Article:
Tuesday, August 05, 2014

Are Women’s Stroke Risk Being Ignored?

People are afraid of getting a stroke. But what is your understanding of stroke?

According to American Stroke Association, a stroke is a condition when a blood vessel that carries oxygen and nutrients to the brain is either blocked by a clot or is burst. When this happens, the oxygen will be prevented from reaching the brain and this will kill the brain cells.

A report by the American Heart Association (AHA) revealed that stroke is the third leading killer of women in the United States. 60 percent of all stroke-related deaths in 2010 occurred in women, and non-Hispanic black women are most at risk.

Many of the stroke cases could have been prevented but doctors often underestimated the risks in their female patients. That is why AHA, after reviewing scientific literature, released the first guidelines for the prevention of stroke. The new guidelines, which were released online February 6, 2014 in the journal ‘Stroke’, include recommendations for women of all ages.

While the new guidelines were meant mainly for the doctors, women need to be more aware of their risks too.

Men and women share many of the same risk factors for stroke like high cholesterol, smoking and obesity. There are, however, some that are specific to women, including pregnancy, preeclampsia, gestational diabetes and birth control pills. Others that are more common in women than in men are migraine with aura, atrial fibrillation or abnormal heart rhythm, diabetes, high blood pressure and depression and psychosocial stress.

Women have a higher lifetime of stroke because they live longer. They also tend to do worse after they have had a stroke, and they are more likely to end up in long-term nursing care and have a worse quality of life. Therefore, it is important to emphasize prevention and to start those strategies early in the childbearing years for women.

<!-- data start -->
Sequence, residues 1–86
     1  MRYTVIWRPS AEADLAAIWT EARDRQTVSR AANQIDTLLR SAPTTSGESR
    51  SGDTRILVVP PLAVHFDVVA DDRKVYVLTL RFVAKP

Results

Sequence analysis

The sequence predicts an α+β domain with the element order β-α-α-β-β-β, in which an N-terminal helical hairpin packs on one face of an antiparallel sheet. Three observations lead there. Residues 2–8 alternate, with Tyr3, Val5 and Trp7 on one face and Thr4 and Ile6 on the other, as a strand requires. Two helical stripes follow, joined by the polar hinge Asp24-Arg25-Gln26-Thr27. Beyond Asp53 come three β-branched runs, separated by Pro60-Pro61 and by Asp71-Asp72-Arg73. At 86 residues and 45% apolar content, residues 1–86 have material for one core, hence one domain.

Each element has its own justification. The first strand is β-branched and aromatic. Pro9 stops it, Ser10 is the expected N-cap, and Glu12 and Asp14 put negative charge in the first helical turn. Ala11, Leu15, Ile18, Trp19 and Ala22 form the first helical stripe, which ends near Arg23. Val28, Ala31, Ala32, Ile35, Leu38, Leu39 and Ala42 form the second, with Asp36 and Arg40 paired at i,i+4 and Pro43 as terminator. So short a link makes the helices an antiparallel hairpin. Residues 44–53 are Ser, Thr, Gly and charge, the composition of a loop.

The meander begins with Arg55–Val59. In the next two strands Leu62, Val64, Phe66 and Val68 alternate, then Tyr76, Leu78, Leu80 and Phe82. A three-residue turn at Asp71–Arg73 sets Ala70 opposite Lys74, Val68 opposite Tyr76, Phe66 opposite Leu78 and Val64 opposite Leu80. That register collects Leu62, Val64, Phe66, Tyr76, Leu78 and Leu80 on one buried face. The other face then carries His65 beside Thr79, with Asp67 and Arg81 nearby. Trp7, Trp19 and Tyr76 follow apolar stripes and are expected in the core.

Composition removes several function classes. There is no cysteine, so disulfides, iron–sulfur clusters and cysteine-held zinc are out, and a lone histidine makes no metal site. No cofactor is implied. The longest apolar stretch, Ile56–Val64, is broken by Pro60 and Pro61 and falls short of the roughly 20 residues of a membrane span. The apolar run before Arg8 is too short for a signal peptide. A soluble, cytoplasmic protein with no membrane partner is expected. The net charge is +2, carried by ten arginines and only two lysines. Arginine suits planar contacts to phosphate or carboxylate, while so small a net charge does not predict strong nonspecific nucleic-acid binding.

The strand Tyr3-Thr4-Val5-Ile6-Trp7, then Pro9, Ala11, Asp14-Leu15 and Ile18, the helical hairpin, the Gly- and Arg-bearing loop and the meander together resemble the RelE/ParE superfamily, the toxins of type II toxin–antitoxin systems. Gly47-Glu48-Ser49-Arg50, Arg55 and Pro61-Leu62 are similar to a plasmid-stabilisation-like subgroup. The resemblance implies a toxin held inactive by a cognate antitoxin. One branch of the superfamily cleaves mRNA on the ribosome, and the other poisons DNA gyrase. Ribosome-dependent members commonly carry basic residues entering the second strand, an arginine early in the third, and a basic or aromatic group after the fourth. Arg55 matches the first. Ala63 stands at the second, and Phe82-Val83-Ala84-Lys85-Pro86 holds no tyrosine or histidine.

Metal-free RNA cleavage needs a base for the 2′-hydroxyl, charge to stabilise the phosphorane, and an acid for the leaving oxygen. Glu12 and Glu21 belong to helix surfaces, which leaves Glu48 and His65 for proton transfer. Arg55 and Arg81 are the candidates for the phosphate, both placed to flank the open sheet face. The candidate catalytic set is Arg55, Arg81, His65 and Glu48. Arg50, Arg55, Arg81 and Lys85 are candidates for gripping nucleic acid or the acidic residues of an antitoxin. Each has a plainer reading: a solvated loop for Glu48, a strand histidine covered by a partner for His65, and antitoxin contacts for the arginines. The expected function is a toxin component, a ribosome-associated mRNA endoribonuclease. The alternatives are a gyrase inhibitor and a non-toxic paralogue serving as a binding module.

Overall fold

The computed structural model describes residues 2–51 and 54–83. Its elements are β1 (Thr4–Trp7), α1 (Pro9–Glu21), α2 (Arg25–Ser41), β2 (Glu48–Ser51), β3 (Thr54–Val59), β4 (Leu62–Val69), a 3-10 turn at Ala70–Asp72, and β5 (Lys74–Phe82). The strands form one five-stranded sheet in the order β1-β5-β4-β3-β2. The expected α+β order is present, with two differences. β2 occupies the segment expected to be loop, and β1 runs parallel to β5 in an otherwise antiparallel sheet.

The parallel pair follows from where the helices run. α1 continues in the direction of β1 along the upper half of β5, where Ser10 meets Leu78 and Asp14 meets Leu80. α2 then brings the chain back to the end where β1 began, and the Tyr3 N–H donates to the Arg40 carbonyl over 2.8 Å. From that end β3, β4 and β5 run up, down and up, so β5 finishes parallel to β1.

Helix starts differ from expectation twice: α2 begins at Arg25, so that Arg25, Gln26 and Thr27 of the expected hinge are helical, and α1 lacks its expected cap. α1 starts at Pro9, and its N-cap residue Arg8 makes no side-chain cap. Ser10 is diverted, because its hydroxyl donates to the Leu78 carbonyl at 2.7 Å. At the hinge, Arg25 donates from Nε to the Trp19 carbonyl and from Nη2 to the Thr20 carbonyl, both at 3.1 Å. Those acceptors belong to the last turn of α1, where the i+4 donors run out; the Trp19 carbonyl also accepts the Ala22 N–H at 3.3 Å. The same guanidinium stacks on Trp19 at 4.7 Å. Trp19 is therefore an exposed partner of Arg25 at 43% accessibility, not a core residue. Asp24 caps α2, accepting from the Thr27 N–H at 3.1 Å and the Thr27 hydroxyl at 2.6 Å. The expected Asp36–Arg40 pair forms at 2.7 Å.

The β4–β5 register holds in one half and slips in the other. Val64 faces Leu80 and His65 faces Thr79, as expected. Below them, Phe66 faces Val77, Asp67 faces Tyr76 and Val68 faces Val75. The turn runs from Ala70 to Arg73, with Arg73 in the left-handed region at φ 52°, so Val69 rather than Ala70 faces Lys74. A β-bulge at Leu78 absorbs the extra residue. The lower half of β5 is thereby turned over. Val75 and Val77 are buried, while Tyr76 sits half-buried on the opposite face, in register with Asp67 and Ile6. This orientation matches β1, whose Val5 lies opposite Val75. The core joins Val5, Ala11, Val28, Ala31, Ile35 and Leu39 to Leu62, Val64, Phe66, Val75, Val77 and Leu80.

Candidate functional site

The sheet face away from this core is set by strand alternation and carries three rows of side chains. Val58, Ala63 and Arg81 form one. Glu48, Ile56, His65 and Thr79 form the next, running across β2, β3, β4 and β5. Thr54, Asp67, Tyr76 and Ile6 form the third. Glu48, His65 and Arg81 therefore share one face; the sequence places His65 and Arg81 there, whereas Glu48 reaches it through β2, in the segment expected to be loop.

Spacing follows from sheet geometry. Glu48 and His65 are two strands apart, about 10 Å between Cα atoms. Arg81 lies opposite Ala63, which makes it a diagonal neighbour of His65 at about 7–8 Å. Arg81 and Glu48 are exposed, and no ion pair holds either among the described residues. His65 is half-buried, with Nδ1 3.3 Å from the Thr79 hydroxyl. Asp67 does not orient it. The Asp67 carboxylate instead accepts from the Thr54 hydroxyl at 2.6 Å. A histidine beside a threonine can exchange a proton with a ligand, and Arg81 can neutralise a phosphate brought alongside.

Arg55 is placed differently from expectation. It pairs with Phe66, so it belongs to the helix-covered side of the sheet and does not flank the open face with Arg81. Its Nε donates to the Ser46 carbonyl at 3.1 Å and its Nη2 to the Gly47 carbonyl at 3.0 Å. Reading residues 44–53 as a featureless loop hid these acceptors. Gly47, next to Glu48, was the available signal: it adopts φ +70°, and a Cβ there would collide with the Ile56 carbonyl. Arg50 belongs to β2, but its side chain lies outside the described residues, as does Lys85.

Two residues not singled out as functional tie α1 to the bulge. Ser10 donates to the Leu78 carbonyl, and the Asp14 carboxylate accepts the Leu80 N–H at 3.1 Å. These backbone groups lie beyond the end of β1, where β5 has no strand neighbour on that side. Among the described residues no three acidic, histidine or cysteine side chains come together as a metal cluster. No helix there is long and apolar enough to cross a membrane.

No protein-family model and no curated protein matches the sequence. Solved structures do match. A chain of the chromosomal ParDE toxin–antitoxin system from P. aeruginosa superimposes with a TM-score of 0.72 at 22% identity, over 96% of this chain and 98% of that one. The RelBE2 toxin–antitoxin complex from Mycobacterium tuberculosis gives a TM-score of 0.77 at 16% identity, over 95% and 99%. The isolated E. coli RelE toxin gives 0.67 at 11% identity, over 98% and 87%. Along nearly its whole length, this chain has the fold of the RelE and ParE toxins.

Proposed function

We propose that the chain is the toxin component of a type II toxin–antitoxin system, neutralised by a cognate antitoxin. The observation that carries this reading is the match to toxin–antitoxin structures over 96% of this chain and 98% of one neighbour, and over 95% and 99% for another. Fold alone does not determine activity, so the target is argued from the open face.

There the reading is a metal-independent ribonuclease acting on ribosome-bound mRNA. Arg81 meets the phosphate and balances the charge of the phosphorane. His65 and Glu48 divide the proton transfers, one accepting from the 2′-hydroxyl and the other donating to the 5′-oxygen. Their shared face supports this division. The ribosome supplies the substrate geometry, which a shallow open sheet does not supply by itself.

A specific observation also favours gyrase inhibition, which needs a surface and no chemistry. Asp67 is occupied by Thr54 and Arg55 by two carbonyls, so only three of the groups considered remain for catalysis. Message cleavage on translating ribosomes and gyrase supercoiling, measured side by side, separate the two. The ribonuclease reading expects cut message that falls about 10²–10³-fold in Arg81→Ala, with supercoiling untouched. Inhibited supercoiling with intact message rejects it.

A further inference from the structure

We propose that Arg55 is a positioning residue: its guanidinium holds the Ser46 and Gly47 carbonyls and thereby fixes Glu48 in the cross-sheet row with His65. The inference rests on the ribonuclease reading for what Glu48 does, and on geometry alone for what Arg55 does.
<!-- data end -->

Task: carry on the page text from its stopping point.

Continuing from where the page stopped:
On the other hand, it is also possible that women do not take prescribed drugs because of the side effects like fatigue and frequent urination, or women might not be treated as aggressively as men.

The researchers noted that some of the women-specific risk factors are significant only if coupled with others. For instance, birth control pills become an issue if a woman also smokes or has high blood pressure. For a healthy woman, taking birth control pills might cause a little rise in her blood pressure, which is something to watch out for.

Some studies did indicate that high blood pressure is more common in women aged above 55 than in men and the condition has often not been managed well in women, though uncontrolled high blood pressure is a stroke risk for both sexes.

Certain things that are inherited cannot be changed. Nevertheless, people can always modify their lifestyle to cut their stroke risk by as much as 70 percent, better than any medications can accomplish.

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